Cancer Death Rates Declining In United States

Cancer Death Rates Declining In United States

A recent study presented by the American Cancer Society Cancer indicates that death rates from cancer in the United States have declined steadily over the past 25 years. Since 1991, death rates from cancer has fallen 25 percent thanks to improved screening guidelines and falling smoking rates, among other factors. The report further states that 2.1 million cancer deaths are avoided.

“The drop in cancer mortality is primarily the result of large declines in the four major causes of cancer death — lung, colorectal, breast and prostate — which account for almost half of all cancer deaths,” noted Rebecca Siegel, report author and Strategic Director for Surveillance and Health Services Research for the American Cancer Society. “This progress is driven by declines in smoking prevalence beginning in the 1960s, and improvements in the early detection of cancer and cancer treatment,” Siegel explained.

But not every segment of the population is benefiting equally. While men’s overall risk for cancer has fallen, they continue to be diagnosed with and die from cancer when compared to women. The rate for diagnosis and death for women remains steady and unchanged over the period. The decrease in cancer death rates among men is attributed to the decline in prostate, lung and colorectal cancers which account for more than 40 percent of cancers diagnosed in men. The likelihood of getting the lung cancer is declining twice as fast in men as in women, according to the report.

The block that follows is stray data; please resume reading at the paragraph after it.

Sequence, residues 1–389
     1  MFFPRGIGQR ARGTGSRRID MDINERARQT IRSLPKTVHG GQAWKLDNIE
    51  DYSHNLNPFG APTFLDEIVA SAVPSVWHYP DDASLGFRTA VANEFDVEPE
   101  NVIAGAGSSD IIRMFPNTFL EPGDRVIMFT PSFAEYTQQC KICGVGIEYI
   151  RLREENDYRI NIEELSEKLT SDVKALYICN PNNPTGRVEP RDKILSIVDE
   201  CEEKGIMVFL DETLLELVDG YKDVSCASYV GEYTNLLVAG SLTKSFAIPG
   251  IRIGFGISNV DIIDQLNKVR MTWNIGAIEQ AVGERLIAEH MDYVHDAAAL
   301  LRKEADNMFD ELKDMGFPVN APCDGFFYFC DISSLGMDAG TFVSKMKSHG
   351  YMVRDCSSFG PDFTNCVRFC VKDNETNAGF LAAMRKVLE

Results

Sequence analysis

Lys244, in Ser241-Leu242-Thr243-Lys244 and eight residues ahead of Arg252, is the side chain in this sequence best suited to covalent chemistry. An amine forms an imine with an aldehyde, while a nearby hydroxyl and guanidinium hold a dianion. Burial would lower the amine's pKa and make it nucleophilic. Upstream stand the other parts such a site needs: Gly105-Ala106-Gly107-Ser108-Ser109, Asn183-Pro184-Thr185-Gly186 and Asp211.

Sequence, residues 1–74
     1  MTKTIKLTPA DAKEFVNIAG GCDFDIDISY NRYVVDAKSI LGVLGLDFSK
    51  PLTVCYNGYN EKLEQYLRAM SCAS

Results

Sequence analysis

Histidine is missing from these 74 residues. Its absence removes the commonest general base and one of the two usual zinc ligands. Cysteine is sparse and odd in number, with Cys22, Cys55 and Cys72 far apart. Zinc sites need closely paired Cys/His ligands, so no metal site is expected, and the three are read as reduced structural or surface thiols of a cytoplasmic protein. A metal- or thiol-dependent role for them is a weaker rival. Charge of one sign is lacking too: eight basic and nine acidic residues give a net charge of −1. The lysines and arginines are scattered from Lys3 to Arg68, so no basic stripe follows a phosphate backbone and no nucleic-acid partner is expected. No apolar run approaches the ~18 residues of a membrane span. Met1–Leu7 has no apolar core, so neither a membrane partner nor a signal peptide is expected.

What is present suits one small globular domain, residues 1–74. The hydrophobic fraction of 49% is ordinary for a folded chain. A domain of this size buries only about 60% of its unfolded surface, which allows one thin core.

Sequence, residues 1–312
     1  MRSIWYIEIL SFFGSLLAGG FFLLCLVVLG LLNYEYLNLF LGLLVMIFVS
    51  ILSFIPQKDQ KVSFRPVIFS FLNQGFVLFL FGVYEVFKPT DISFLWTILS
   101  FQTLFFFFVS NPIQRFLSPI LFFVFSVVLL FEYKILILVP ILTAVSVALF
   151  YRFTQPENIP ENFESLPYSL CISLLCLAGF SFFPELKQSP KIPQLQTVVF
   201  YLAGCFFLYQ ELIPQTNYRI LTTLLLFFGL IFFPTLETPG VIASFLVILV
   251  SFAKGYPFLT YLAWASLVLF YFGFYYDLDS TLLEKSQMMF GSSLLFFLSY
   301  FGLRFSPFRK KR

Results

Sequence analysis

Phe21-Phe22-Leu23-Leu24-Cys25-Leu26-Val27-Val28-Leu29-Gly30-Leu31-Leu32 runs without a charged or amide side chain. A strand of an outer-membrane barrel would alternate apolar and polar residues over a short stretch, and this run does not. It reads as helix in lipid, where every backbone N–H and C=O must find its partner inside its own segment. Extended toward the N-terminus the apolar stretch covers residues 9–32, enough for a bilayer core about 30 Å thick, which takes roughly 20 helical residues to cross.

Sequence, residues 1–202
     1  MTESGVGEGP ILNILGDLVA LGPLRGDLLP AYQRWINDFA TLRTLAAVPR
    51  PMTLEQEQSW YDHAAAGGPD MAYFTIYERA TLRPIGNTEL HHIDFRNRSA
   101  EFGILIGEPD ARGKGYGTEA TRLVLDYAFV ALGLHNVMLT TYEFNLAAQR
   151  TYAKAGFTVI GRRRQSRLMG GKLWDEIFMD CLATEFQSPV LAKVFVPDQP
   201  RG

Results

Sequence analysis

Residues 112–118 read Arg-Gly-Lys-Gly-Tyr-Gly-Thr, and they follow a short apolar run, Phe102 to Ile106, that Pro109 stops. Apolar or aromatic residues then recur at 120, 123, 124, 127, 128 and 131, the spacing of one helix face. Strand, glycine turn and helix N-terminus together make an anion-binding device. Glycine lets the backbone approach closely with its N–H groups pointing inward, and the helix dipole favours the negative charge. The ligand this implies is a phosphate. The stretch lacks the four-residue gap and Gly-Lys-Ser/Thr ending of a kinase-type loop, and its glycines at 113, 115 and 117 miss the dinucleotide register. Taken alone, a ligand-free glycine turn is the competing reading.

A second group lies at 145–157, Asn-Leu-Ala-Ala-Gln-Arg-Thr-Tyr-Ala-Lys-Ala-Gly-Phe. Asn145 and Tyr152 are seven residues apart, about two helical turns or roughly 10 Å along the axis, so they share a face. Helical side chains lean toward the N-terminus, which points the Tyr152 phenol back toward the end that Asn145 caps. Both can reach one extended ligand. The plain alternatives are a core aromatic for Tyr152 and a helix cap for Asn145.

In the “not so good news” category, rates of new cancer cases remain varied by racial and ethnic groups, with African Americans suffering the largest burden. In 2014, cancer death rates in this demographic was about 15 percent higher than that of Caucasians. As well, cancer remains the second most common cause of death in young people ages 1 to 14 years in the U.S, within this ethnic group.

“The continuing drops in the cancer death rate are a powerful sign of the potential we have to reduce cancer’s deadly toll,” Dr. Otis Brawley, the chief medical officer of the American Cancer Society, said in a statement. “Continuing that success will require more clinical and basic research to improve early detection and treatment, as well as strategies to increase healthy behaviors nationwide. For the decrease in cancer death rates to continue, we need to consistently apply existing knowledge in cancer control across all segments of the population, particularly to disadvantaged groups.”

The researchers estimated that there will be more than 1.6 million new cases of cancer in the U.S. in the coming year, with 4,600 new diagnoses each day and more than 600,000 cancer deaths in 2017. While progress is being made in the prevention, diagnosis, and treatment, researchers and oncology practitioners continue to focus on the development of innovative therapies in this fight against cancer.

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